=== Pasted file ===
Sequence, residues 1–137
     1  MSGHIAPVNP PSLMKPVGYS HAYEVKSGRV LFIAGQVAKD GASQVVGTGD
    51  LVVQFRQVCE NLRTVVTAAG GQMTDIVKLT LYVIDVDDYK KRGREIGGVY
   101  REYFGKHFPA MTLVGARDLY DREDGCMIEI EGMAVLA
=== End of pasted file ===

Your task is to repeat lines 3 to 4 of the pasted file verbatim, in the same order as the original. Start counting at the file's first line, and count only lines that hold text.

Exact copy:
    51  LVVQFRQVCE NLRTVVTAAG GQMTDIVKLT LYVIDVDDYK KRGREIGGVY
   101  REYFGKHFPA MTLVGARDLY DREDGCMIEI EGMAVLA